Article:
reaping-machine love

reaping-machine

Definitions

from The Century Dictionary.

  • noun A harvesting-machine for grain-crops; a mechanical reaper drawn over a field of standing grain by horses.
  • noun A harvesting-machine for grain-crops; a mechanical reaper drawn over a field of standing grain by horses.

Etymologies

Sorry, no etymologies found.

Examples

  • First of all, he loitered to watch a reaping-machine at work; then he turned into a lane which led up the hill on which was John

    New Grub Street

  • The mauser is not the only reaping-machine the great harvester employs in war time.

    With the Guards' Brigade from Bloemfontein to Koomati Poort and Back

  • He can dispense with an apple-parer and a reaping-machine.

    The Atlantic Monthly, Volume 04, No. 24, October, 1859

  • The reaping-machine was in sight now; it had stopped on the hillside.

    K

  • The dead lanterns swung in the morning air, and from back on the hill came the staccato sounds of a reaping-machine.

    K

  • It cannot be denied, however, that when an electric tram swept past her like a terrace under weigh, closely followed by a cart laden with a clanking and horrific reaping-machine, she showed that she possessed powers of observation.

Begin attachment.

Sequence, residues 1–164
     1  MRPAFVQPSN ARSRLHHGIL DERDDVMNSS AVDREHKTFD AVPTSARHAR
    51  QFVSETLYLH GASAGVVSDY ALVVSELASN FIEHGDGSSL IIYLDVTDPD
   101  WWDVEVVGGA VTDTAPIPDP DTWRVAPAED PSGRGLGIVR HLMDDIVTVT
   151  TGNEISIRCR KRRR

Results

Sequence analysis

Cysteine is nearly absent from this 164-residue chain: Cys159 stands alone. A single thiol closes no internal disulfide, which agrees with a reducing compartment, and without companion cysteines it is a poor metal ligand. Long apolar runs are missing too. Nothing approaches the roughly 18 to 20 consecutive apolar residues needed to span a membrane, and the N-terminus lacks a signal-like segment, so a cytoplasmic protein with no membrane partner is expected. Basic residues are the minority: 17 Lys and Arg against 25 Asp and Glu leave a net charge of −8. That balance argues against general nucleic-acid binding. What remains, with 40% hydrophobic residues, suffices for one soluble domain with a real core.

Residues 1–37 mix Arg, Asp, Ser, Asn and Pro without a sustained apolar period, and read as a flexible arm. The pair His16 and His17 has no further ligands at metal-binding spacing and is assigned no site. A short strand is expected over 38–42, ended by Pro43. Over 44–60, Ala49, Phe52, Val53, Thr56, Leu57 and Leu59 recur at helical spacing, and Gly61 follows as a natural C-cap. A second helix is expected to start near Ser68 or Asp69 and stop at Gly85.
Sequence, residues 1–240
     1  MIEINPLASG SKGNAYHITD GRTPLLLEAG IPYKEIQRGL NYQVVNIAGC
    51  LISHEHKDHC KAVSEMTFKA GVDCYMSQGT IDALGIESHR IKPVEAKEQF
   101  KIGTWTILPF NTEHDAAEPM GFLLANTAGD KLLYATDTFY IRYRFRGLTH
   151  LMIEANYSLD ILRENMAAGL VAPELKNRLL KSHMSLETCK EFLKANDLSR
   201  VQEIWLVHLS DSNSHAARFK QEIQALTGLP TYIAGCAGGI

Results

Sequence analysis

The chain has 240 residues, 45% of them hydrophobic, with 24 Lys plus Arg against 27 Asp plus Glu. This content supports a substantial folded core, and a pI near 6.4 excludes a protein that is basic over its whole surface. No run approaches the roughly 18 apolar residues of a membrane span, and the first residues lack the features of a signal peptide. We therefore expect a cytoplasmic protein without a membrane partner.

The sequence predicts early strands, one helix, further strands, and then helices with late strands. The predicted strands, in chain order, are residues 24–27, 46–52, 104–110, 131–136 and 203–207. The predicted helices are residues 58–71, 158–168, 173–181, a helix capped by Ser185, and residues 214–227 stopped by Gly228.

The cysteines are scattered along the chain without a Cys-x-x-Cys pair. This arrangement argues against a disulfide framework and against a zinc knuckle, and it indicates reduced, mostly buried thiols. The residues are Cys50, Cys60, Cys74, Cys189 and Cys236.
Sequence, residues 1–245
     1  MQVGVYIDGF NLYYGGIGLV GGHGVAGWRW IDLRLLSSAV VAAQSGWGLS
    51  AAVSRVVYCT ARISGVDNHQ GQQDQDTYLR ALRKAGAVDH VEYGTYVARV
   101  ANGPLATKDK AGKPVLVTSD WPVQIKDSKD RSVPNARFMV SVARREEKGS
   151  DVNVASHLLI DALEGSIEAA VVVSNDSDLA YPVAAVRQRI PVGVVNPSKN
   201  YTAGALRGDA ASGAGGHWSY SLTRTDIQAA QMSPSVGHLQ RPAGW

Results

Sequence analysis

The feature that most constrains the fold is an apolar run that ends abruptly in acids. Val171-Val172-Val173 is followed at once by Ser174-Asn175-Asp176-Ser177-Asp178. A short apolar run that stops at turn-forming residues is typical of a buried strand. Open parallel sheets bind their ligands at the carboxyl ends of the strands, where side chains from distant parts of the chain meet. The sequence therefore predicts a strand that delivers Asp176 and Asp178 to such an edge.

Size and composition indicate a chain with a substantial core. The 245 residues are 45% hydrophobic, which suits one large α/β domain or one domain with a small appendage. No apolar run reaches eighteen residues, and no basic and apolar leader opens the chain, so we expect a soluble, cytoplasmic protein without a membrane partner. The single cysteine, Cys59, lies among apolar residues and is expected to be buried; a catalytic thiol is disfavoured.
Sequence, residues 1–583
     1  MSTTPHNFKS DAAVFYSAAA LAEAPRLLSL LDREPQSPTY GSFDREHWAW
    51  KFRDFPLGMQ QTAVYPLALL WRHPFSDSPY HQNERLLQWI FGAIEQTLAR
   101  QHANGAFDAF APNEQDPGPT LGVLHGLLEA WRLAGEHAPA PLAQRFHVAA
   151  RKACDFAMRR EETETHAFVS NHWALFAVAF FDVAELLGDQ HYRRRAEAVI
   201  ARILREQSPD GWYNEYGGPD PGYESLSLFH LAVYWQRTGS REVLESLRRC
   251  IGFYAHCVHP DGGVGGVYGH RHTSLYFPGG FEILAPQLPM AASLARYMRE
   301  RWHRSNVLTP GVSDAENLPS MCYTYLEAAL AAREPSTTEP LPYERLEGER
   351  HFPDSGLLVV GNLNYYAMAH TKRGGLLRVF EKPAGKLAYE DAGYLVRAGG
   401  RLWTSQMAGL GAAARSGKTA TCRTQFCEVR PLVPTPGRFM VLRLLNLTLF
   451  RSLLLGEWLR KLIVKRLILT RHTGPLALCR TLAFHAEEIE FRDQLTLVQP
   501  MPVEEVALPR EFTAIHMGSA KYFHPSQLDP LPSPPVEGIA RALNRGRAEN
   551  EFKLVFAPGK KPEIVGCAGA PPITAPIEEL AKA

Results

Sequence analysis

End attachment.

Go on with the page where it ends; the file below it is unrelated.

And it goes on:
All on the Irish Shore Irish Sketches

  • Jimmy says it made the men stop work and look at each other, and the man who was driving the reaping-machine got down to see where it wanted oiling.

    Punch, or the London Charivari, Vol. 150, March 1, 1916

  • Not long after, a reaping-machine was brought and driven back and forth in the field, and down went all the wheat ears before the great knives.

    Little Saint Elizabeth, and Other Stories

  • "The reaping-machine will come and cut you down, and other strange things will happen."

    Little Saint Elizabeth, and Other Stories

  • There was one wearing a pale pink coat, another in a cream-coloured tight-sleeved gown, another in a petticoat as red as the arms of the reaping-machine; and others, older, in the brown-rough 'wropper' or over-all -- the old-established and most appropriate dress of the field-woman, which the young ones were abandoning.

    Tess of the d'Urbervilles

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